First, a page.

High-Speed Real-Time Simulators for Engineering Design

R. E. Crosbie, N. G. Hingorani


The use of computer simulations is now an established technique in engineering design. Many of these simulations are used to predict the expected behavior of systems that are not yet built, or of existing systems in modes of operation, such as catastrophic failure, in which it is not feasible to test the real system. Another use of computer simulations is for training and testing purposes in which the simulation is interfaced to real hardware, software and/or a human operator and is required to operate in real-time. Examples are plant simulators for operator training or simulated environments for testing hardware or software components. The primary requirement of a real-time simulation is that it must complete all the calculations necessary to update the simulator outputs as well as all the necessary data I/O within the allotted frame time. Many real-time simulations use frame times in the range of a few milliseconds and greater.There is an increasing number of applications, for example in power electronics and automotive systems, in which much shorter frame rates are required. This paper reviews some of these applications and the approaches to real-time simulation that can achieve frame times in the range 5 to 100 microseconds.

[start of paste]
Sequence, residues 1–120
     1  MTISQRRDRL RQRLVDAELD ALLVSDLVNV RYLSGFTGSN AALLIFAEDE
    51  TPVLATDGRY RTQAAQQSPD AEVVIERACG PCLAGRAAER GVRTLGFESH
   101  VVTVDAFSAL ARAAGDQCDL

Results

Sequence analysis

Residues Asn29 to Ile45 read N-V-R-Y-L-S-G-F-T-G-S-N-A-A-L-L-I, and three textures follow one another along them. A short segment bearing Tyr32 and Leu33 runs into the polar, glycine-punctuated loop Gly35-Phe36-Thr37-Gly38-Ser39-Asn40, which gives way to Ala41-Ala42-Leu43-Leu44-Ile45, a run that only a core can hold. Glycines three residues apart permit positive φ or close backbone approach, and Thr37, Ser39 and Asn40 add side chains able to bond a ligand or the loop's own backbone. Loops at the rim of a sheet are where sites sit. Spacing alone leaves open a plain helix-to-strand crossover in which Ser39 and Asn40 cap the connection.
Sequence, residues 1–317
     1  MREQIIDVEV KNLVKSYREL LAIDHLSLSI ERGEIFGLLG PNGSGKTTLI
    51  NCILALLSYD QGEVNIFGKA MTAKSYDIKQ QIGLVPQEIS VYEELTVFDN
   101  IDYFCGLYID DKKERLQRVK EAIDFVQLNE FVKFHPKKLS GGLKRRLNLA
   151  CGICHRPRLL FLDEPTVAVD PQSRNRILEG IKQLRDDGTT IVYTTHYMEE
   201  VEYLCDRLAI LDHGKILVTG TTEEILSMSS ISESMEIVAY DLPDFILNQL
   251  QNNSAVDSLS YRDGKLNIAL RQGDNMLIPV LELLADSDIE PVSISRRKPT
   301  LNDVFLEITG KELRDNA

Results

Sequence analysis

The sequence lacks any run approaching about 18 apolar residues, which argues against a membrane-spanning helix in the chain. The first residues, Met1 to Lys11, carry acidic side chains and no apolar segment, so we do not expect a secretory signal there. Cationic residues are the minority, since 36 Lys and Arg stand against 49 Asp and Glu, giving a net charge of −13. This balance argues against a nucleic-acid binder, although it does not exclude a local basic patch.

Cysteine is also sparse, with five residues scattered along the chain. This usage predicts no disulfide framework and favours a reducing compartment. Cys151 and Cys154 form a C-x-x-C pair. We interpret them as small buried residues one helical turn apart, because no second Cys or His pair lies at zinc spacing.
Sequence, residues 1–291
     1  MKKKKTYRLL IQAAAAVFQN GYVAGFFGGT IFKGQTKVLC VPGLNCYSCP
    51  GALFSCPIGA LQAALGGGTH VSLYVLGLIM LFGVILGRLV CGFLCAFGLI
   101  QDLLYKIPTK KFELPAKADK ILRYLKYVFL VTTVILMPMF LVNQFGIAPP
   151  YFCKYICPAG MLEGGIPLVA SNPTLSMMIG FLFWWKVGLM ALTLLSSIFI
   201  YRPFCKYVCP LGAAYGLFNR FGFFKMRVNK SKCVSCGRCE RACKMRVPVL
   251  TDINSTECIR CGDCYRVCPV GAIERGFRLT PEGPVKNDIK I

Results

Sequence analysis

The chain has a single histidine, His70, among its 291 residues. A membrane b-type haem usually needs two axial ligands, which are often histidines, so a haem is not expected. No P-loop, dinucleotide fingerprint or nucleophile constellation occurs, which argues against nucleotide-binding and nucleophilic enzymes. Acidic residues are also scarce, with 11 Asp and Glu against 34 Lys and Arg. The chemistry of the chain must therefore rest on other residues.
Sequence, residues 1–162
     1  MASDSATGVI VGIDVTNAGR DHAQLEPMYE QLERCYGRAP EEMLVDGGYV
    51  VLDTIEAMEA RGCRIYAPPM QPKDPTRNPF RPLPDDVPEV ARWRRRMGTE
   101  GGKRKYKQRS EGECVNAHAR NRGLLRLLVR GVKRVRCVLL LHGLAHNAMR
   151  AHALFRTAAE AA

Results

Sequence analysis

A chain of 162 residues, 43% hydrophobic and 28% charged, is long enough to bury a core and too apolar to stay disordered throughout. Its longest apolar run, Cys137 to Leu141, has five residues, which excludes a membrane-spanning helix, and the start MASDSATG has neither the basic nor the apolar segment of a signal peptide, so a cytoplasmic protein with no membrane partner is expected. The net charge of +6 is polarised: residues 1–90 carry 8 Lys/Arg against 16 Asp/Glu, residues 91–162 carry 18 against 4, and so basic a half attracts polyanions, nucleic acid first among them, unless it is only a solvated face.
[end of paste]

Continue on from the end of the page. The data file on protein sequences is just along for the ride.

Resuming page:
computer simulation; real-time; engineering design; digital signal processors

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ISSN 1210-2709 (Print)
ISSN 1805-2363 (Online)
Published by the Czech Technical University in Prague